Sunday, July 22, 2012

Pioneer Days in Utah


If you've ever been out of the country at Thanksgiving or through December, you've probably noticed how the rest of the world only celebrates "the holidays" from Christmas to New Years.  But in the US, we get to celebrate for an additional couple of weeks starting with Thanksgiving in November.  Americans celebrate with parties the whole month, stretching out the enjoyment of the season for weeks. 

In Utah, we have that same luck in the summer because the patriotic/historical season lasts an extra couple of weeks.  When you are in Utah at the end of July, you simply must do as the locals do--Celebrate the 24th of July.  We get extra fireworks and parades and everything.  Known as Pioneer Day or the Days of '47, it is a celebration of the arrival of the first pioneer settlers in the Salt Lake Valley on July 24th 1847.  It is a founder's day celebration of sorts--only bigger than you've probably seen other places.  There are great parades, family barbeques and and events across the state.  Everyone takes a break and enjoys another summer holiday.

In Salt Lake many families will grab the blankets and sleeping bags and camp out the night before with the huge slumber party that happens along the parade route.  Then at 9am on the morning of the 24th, the parade starts, with great floats, bands, antique cars and thousands of people celebrating.  The map of the route can be found at the official parade site

That evening, the place to be is the Maverik Center at the Days of 47 Rodeo.  Nationally known professional cowboys compete for prizes in several different events.  The rodeo actually goes for several nights (starting this year on the 19th) culminating in the last evening on the 24th.  Tickets can be purchase at the rodeo website.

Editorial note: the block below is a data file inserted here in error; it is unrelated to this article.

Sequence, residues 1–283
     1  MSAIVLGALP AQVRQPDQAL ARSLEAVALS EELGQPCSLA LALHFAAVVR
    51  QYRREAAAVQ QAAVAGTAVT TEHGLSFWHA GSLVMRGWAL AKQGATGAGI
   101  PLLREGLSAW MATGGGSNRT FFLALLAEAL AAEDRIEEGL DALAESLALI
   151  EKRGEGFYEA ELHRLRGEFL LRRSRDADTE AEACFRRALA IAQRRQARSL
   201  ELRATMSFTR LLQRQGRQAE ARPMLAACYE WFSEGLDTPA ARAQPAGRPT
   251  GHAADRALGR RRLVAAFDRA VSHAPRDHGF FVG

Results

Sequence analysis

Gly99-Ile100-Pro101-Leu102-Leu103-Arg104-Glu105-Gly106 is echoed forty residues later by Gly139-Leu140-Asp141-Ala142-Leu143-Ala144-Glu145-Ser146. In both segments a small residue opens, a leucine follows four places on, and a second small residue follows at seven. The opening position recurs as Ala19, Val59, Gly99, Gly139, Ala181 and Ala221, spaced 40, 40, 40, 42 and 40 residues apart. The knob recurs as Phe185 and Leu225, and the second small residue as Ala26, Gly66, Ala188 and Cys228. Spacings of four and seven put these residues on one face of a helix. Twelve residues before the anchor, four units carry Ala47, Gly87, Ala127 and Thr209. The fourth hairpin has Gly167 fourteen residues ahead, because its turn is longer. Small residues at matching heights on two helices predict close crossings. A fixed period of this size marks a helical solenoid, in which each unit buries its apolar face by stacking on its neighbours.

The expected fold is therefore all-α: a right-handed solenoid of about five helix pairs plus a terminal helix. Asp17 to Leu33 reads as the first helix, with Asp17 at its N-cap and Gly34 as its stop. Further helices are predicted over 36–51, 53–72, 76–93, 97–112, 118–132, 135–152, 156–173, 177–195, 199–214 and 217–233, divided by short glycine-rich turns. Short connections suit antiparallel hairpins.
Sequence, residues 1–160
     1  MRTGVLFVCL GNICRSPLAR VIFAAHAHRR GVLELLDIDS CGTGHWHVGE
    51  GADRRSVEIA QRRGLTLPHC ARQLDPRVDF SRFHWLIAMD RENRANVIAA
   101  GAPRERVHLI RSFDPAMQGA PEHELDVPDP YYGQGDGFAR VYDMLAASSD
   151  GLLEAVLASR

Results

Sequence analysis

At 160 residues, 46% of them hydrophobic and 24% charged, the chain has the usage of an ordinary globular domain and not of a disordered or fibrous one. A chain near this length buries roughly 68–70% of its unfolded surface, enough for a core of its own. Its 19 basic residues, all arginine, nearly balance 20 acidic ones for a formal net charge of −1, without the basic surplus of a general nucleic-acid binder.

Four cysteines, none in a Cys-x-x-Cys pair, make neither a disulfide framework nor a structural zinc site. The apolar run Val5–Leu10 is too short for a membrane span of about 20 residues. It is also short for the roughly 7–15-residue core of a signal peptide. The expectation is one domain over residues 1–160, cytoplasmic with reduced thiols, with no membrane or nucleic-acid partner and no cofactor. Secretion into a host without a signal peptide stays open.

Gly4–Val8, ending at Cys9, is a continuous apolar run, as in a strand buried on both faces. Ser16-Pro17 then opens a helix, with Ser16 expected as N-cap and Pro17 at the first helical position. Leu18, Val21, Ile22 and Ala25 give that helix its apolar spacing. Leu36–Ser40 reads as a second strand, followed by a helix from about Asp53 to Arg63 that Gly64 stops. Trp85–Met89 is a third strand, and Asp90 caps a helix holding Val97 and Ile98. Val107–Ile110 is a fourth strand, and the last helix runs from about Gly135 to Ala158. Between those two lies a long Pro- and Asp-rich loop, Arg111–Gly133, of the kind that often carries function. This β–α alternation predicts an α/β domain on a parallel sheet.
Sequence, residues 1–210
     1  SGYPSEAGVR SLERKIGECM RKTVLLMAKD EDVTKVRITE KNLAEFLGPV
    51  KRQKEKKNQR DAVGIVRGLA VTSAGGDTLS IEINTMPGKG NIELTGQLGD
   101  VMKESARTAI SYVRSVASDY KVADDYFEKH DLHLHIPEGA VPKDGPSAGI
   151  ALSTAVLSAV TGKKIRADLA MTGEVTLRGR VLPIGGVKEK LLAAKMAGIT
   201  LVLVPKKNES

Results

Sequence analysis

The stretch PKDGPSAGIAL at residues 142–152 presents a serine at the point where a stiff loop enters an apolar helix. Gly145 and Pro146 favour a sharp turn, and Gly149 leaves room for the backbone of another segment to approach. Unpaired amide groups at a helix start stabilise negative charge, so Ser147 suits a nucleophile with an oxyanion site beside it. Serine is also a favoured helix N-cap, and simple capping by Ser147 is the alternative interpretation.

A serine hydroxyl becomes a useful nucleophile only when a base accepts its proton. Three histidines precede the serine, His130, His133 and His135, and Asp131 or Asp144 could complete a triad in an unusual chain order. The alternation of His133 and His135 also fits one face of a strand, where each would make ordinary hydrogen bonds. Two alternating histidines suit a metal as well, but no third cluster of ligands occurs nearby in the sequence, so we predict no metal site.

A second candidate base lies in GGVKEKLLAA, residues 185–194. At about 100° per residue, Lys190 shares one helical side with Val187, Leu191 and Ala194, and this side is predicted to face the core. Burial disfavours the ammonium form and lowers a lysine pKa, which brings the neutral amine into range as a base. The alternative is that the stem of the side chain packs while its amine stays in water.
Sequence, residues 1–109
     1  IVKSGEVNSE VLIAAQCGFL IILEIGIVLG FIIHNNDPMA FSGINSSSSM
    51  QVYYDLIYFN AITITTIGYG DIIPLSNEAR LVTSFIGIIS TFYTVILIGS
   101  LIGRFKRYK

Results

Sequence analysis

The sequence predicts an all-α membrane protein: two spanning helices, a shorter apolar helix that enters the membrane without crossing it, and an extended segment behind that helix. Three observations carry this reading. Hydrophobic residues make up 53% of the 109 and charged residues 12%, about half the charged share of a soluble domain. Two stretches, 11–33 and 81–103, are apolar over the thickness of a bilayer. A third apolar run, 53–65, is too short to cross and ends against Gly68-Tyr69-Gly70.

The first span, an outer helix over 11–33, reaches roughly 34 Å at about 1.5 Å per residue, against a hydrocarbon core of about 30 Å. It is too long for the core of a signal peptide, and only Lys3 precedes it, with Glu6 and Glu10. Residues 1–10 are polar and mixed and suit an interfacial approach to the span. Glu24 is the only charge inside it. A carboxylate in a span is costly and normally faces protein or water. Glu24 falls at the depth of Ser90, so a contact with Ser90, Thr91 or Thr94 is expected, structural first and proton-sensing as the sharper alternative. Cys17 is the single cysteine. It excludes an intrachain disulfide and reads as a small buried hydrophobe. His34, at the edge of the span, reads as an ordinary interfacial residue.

But I think the best way to celebrate the 24th is with a visit to This Is The Place State Park. They celebrate Pioneer Days with special events, including a breakfast at the Huntsman Hotel, a flag ceremony, pioneer games, the watermelon eating contest, the candy cannon and lots of pony rides and special craft projects.  You can really get into the pioneer spirit learning more about the settlers to the area amid the historical buildings and talented interpreters. 
Of course the 24th of July is special to me because it is my Dad's birthday.  He always said the fireworks were for his birthday, not the holiday.  This year he won't be in Utah for his birthday.  We'll have to do the celebrating for him I guess.  Have a fun and safe 24th of July.

2 comments:

Unknown said...

So that's what was going on when we drove through Utah today. They were getting ready for a rodeo tonight and a parade tomorrow. We are on our way from California to Wisconsin for a family reunion. We saw people putting up flags and chairs were lining the street for a parade. Thanks so much for the eye-opening information. We had no idea. Wish we could have stayed for the celebrations.

Anonymous said...

I didn't use to be a very big fan of Pioneer day until they allowed aerial fireworks :)
-Jackie @ Utah Bands